Investment Analysts: Soft Telecom Capital Spending (CAPEX), but 5G in China to Grow 25% in 2020
Investor’s Business Daily reports that Goldman Sachs‘ Rod Hall and Bank of America‘s Tal Liani issued separate notes Tuesday and Wednesday which came to the same conclusion: Despite the ultra hyped 5G buildup, they see overall telecom capital spending remaining soft in 2020.
Hall said, “Telco capital spending trends look set to be muted with China being the only driver of growth,” in his note, issued Tuesday. He sees 5G growth in China of 25% this year, but predicts only a 2% hike in global telecom capital spending.
Hall added: “The carrier environment is challenged globally by flat or declining revenue streams with 5G thus far offering limited or no additional revenue opportunities.”
BofA’s Liani concurred in his Wednesday note. He sees global telecom capital spending up only 1% to 2% in 2020, despite 5G network build-outs. The 5G build-out may fail to impress U.S. wireless customers over the next 12 months, he adds. “Contrary to the belief that the U.S. is an early leader with 5G, we see potential for users to be disappointed with either lack of coverage or lack of improvement, or both,” Liani said. Here is an excerpt of his January 8, 2020 note to clients:
5G becomes mainstream, but the U.S. will likely lag:
5G traction remains front and center for 2020, and we expect the first phase of a major smartphone refresh cycle in 2H20, with all major vendors launching 5G devices. In 2019, we saw initial network build-outs, and we expect the device/semiconductor ecosystem to catch up in 2020, supporting and enabling ubiquitous 5G devices. However, some regions may lag behind, particularly the US where a lack of quality 5G spectrum injects delays vs. certain parts of Europe, China, Korea and Japan where mid-band spectrum is more readily available. Our top pick related to this theme is Qualcomm as the semi provider benefits from 5G devices and the China launch.
Verizon Communications and AT&T likely will lower spending on existing fourth-generation networks, says Goldman Sachs’ Hall. They’ll also pare back spending on wireline networks. “Although U.S. 5G deployments should advance in 2020 our U.S. telecom team expects wireless capex to be roughly flat in 2020 as 5G increases are mostly offset by slowing non-5G spending,” Hall said.
Makers of electronic chips, network gear and fiber-optic technologies should gain from the 5G build-out, analysts say. Other5G stocks to watch will be tied to the deployment of “small cell” antennas, radio access network equipment as well as cloud computing infrastructure. Goldman Sachs favors fiber-optic play Corning. It’s cautious on gear makers Nokia and Ericsson.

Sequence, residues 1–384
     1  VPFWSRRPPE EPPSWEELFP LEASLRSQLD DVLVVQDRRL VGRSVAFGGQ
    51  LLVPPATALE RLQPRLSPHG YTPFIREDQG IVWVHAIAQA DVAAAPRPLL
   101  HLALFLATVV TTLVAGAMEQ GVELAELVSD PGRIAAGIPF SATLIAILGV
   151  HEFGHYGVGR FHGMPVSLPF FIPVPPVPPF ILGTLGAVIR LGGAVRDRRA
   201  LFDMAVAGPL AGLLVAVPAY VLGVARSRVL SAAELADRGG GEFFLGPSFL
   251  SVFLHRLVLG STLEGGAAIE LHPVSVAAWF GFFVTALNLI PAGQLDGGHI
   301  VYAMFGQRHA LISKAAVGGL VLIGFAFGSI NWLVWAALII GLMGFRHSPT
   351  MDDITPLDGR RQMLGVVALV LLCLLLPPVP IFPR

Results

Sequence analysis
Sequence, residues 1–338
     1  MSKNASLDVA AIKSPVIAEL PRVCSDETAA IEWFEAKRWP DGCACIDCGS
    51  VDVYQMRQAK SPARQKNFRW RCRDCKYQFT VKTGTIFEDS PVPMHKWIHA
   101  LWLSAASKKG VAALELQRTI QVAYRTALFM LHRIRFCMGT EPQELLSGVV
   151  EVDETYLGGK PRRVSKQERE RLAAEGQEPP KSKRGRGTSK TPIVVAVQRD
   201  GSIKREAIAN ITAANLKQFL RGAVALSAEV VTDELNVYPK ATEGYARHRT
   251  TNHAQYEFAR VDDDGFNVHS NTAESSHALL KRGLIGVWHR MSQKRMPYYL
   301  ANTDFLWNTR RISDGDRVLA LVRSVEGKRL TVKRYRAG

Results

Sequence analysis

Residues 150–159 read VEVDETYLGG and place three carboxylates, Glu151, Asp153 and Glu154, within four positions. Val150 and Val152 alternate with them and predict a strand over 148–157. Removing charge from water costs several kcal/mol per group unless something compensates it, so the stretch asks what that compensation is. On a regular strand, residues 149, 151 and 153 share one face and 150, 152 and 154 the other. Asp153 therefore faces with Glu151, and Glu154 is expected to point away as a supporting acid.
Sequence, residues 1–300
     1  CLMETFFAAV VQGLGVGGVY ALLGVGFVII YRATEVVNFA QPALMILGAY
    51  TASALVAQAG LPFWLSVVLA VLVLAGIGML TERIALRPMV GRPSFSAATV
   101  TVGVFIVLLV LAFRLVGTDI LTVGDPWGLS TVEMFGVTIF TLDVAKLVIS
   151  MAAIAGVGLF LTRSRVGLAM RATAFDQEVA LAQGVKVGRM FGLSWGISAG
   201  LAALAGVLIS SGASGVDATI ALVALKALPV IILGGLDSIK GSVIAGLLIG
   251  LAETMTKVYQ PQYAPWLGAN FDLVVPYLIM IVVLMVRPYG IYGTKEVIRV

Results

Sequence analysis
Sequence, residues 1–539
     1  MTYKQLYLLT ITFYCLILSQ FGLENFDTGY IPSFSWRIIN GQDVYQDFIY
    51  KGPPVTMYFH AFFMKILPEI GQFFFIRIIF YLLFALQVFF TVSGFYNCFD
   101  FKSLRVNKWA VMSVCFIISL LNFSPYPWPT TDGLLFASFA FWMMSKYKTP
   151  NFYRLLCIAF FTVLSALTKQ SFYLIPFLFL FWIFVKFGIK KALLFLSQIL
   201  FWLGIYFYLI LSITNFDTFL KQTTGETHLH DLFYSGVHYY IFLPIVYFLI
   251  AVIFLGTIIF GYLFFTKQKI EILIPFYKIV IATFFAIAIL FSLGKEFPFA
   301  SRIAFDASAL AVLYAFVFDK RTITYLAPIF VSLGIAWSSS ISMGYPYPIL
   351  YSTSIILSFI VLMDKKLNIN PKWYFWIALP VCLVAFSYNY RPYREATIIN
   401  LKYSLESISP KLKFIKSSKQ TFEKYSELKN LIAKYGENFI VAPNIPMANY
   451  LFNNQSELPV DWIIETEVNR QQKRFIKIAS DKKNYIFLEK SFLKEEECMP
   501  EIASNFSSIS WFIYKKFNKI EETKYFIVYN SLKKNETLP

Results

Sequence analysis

Liani said Apple’s expected launch of 5G iPhones in late 2020 could be a game-changer. However, he says consumers may be disappointed in the 5G network coverage and 5G speeds provided by Verizon, AT&T, T-Mobile US and Sprint. That’s because not enough mid-band radio spectrum is available yet for 5G services, Liani said.
He calls Qualcomm one of the best 5G stocks to buy because it’s dependent on smartphone sales, not core network upgrades. Qualcomm‘s customers include Apple and Chinese smartphone makers.
In 2020, we see potential for mass device availability to usher in the first meaningful device upgrade cycle for 5G,” Liani added. “In 2021 and 2022, we expect the network equipment investments to potentially pick up once again as 5G usage accelerates and new applications emerge. Most importantly, however, spectrum availability drives both network upgrades and likely customer satisfaction with the new 5G networks.
Let’s close with an interesting graph from Dell’Oro Group which shows very little growth in telecom equipment/services through 2023:
Addendum: BoAML – Hardware vendors bow to the white box:
Hardware standardization and white box networking continue and drive changes in IT equipment purchasing behavior. Hardware vendors are increasingly being forced to react to three major realities:
1) public cloud capex represents the majority of growth and some companies (e.g. Cisco) find it hard to penetrate,
2) software is taking the forefront, with vendors of traditional networking gear, like ADC, switching, or routing, facing significant pricing pressure and a new breed of competitors, and
3) the value is also pushed to semiconductors, with Cisco’s SiliconOne semiconductor strategy and the proposed acquisition of Acacia designed to address the associated risk and opportunity
Lastly, the trends of software-defined networking, white boxes, and cloud migration come together to support our fifth major trend for 2020: the shift to software-defined branch/campus offices. In our view, this trend began with SD-WAN, continued with Cisco’s Catalyst 9k introduction, and comes fully together with the acceleration of WiFi 6.